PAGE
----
Whatever the case may be, there is a hefty price to pay for dismissing the central dilemma on implausibility grounds, as many liberals are wont to do. Once the improbable is deemed morally irrelevant, torture can no longer claim the status of absolute wrong, for there is no such thing as an "absolute-wrong-in-practice. Hence my third principle. It stipulates that no ethical code ie, universal decision procedure should tell a would-be torturer what to do in all situations. This is to avoid rationalization and, beyond it, the dilution of moral responsibility in the hypothetical case where not to torture is no less an immoral option than to do so the central dilemma. The third principle is a point of meta-ethics.
It is not a moral rule per se, but a statement about the inapplicability of moral rules. It is designed to overcome the justificatory purposes embedded in any ethical code. One may object that the central dilemma arises with any moral wrong, so why single it out? Because it lies at the core of the "torture issue" itself, which, with the wide support it enjoys, is indeed an issue. How to aggregate universal moral principles into decision procedures, a central problem in ethics, is in my view the only interesting aspect of the torture question; the rest is straightforward. Like many, I feel strongly enough about torture to find the very notion of a "torture debate" distasteful.
But sentiment alone means nothing.
I stayement strongly about racism, too. But racism is not wrong because it offends my sensibilities. It is wrong because it violates torure and human dignity. Likewise, if we cannot offer a reasoned account of the absolute wrongness of torture especially given the wide public support for it then our impassioned opposition, indispensable though it may be, will still be, strictly speaking, meaningless. It also matters because one cannot fight effectively for a cause one does not understand.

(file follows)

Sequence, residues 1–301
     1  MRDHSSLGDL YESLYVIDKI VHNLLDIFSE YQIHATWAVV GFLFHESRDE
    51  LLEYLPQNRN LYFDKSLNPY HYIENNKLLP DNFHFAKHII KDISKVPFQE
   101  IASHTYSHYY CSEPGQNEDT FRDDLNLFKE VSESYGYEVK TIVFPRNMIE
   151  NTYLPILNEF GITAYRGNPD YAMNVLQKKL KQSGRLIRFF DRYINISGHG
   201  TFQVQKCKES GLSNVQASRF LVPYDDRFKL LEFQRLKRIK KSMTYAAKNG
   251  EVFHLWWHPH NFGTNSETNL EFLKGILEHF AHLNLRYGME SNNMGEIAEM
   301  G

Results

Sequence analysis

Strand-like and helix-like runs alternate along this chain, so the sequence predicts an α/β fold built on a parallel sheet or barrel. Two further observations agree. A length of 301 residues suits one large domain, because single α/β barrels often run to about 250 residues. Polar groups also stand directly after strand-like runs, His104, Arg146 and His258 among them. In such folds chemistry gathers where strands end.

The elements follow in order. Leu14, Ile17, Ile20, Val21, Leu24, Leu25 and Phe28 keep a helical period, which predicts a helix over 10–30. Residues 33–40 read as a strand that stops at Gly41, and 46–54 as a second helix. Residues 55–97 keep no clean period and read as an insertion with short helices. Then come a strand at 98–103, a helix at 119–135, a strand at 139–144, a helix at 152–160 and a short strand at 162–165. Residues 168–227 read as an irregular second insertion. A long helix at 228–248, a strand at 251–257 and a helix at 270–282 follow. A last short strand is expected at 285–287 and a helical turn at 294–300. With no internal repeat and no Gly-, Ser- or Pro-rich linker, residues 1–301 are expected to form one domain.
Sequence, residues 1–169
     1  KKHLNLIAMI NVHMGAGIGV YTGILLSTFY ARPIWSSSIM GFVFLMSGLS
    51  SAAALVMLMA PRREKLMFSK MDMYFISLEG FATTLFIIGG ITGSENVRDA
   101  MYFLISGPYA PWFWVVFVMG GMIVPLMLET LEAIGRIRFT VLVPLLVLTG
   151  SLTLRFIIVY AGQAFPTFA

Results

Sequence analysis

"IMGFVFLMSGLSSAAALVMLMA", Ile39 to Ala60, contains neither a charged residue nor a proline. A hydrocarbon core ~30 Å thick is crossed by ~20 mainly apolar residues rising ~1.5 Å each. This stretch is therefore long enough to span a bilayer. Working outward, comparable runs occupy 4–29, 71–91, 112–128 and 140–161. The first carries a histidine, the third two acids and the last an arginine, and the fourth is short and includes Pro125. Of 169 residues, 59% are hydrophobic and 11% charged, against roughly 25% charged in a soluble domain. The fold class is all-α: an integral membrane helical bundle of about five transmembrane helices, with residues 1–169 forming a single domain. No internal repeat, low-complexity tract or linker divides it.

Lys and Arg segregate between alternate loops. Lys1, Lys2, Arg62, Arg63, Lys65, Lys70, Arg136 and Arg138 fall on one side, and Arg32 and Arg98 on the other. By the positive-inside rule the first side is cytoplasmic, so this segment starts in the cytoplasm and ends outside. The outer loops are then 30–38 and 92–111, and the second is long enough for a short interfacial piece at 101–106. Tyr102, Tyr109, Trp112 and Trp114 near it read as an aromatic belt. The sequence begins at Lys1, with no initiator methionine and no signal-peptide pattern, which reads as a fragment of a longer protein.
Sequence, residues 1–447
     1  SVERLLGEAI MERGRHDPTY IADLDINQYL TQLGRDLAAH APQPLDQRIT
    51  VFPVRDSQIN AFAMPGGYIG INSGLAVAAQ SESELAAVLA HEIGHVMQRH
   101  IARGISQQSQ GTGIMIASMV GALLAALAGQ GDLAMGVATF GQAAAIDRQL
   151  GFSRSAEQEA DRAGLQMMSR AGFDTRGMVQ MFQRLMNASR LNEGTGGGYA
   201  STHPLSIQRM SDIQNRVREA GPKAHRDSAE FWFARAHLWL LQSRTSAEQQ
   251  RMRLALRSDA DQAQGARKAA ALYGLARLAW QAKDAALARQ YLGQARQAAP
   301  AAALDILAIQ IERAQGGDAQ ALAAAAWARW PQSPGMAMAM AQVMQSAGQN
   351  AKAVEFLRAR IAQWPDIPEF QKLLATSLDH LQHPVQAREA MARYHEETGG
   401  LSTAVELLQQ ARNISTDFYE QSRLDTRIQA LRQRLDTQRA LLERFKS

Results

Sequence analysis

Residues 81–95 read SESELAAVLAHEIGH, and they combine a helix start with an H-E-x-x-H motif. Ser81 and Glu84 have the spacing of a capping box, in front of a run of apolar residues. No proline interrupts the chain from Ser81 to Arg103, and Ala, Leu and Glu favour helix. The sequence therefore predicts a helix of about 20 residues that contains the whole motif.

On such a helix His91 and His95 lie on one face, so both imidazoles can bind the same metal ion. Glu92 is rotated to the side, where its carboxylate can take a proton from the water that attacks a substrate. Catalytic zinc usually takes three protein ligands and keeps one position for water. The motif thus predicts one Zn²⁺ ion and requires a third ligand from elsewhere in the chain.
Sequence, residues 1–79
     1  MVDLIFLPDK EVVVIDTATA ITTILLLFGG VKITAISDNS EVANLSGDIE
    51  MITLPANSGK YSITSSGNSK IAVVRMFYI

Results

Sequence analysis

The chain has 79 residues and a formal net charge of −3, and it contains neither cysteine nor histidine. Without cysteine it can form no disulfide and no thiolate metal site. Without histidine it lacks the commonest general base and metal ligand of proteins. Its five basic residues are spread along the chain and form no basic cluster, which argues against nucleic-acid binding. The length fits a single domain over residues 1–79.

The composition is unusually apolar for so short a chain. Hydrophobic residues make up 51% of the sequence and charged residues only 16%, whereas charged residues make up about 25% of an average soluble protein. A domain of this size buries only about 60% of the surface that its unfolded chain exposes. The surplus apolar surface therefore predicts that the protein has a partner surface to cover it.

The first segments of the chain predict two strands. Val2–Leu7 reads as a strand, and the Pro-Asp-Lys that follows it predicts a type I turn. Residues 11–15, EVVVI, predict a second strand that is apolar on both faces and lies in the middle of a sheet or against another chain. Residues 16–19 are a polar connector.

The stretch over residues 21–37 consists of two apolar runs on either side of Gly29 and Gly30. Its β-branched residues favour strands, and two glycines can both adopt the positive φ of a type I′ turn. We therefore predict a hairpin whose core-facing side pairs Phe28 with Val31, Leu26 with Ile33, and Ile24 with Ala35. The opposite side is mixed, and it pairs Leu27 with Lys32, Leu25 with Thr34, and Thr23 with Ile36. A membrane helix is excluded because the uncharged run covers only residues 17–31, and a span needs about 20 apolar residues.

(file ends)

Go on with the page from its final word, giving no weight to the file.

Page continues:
Is tprture a coincidence that torture has forture so popular in this country amidst such an impoverished public discourse? Supermax incarceration and prison rape Thesks be construed as institutionalized forms of torture. For the purpose of this essay, however, TThesis narrow down the definition to the forced exchange of information for the relief of unbearable pain. Much like slavery, torture is coerced trade. To dtatement, its abhorrence requires no empirical evidence: So much so, in fact, that Thrsis asking why seems immoral, as if merely speaking of a ghost might oh it appear. But, if torture is so evil, why is it so hard to explain why?